Sarver says that the raise is an improvement. “We’d love to cut those 42 positions in half,” he adds. “Hopefully, the pay raise will be a big boost. I think time will tell on that.”

Trash and transit

City spokesperson Miller says that Asheville’s Public Works Department, which oversees sanitation, stormwater and street cleaning, is down about 20 employees from a workforce of over 160. Greg Shuler, Asheville’s public works director, explains it’s particularly hard to hire highly specialized roles like garbage truck operators with workers in high demand by other employers.

During this year’s annual retreat, Council members voted to make “improving/expanding core services” one of their priorities for the year, a move that Shuler praised. However, Council and city staffers shared no specific goals or metrics for those priorities.

Meanwhile, Miller says that the city’s Transportation Department is approximately 26% below its regular staffing levels. One consequence of the ongoing vacancies is reduced capacity for Asheville’s bus system, including regularly reduced service on several routes and sporadically missed trips on others.

While members of Council are considering a $1.1 million allocation to implement the next phase of the Transit Master Plan, which would extend evening hours and route frequency, Asheville Finance Director Tony McDowell warned at an April 12 work session that bus driver shortages would likely delay the implementation of those extensions.

Emergency measures

Van Taylor Jones, who heads Buncombe County’s Emergency Services, says his department is growing in response to an estimated 30% increase in call volume over the last two years.

“What we’re seeing is the new normal. We’re being proactive. We’re seeing an increase in call volume; we’re putting on additional staff to meet that demand,” he says.

But funding positions is different from finding workers. The department had 22 vacancies as of April 27, 14 of which were newly created paramedic positions approved earlier this fiscal year by the Board of Commissioners.

One result of the ongoing staffing shortages is that emergency response times have risen well above national standards. During an Oct. 19 briefing, the Board of Commissioners heard that for 90% of Buncombe’s emergency calls, an ambulance is on-scene within 18 minutes of dispatch, around double the goal set by the National Fire Protection Association.

Jones says that the workforce problems reflect a national trend induced by pandemic-related burnout and low wages. He says that fewer folks are interested in pursuing the high-stress career.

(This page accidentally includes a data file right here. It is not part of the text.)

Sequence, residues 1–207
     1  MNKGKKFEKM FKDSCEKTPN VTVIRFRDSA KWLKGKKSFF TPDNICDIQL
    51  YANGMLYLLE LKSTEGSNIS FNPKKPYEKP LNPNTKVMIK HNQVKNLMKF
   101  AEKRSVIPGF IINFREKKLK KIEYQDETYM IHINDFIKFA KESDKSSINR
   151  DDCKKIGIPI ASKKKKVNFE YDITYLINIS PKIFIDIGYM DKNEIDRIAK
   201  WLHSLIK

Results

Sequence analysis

“We’ve really not had a lot of turnover, per se. Our [pre-pandemic] turnover rates have been around 20%, which is basically in line with what the national average is,” he explains. “Now, we’re seeing 30%-35%. You’re seeing a national EMS shortage. You’re seeing the national paramedic shortage; you’re seeing a national nursing and health care shortage.”

Help wanted

Both the city and the county are considering wage increases for their employees as residents throughout the area cope with inflation and rising housing costs.

During an April 26 budget work session, Asheville staff floated a 4% wage increase for employees hired before Jan. 1, as well as a 2.5% increase for employees hired after that date, with an estimated annual cost of about $3 million. The city’s lowest-paid positions start at $15 per hour, short of the $17.70 hourly living wage rate established earlier this year by Just Economics of WNC, although city leaders emphasize that those employees also receive as much as $15,000 annually in retirement contributions and other benefits.

“We are trying to be competitive,” City Manager Debra Campbell told members of Council April 26. “It’s a battle right now.”

Meanwhile, Buncombe County is reviewing a 4.7% cost-of-living increase for its current employees at an estimated annual cost of about $5.7 million, along with nearly $5 million in raises tied to the county’s recently completed compensation study. Buncombe is also considering adding 61 new positions, representing the largest staff expansion since the start of the COVID-19 pandemic.

“It’s an applicant’s market,” adds Caroline Long, Buncombe County’s lead recruiter. “Since the pandemic, people are wanting to work remotely or are reevaluating their career choices in their lives and thinking about what is really important to them.”


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One thought on “Local governments take different approaches to address staffing woes

  1. Enlightened Enigma

    Coming job shortages and massive firings as businesses and govco cannot sustain this Bidet domination of EVIL.